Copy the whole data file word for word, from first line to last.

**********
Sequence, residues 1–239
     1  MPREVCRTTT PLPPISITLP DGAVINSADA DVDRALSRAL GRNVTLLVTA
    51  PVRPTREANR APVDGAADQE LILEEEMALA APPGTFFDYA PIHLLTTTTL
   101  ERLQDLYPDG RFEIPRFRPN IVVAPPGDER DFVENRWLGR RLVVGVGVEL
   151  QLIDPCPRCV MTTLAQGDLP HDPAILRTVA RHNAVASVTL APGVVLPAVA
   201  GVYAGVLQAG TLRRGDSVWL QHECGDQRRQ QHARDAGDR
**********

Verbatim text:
Sequence, residues 1–239
     1  MPREVCRTTT PLPPISITLP DGAVINSADA DVDRALSRAL GRNVTLLVTA
    51  PVRPTREANR APVDGAADQE LILEEEMALA APPGTFFDYA PIHLLTTTTL
   101  ERLQDLYPDG RFEIPRFRPN IVVAPPGDER DFVENRWLGR RLVVGVGVEL
   151  QLIDPCPRCV MTTLAQGDLP HDPAILRTVA RHNAVASVTL APGVVLPAVA
   201  GVYAGVLQAG TLRRGDSVWL QHECGDQRRQ QHARDAGDR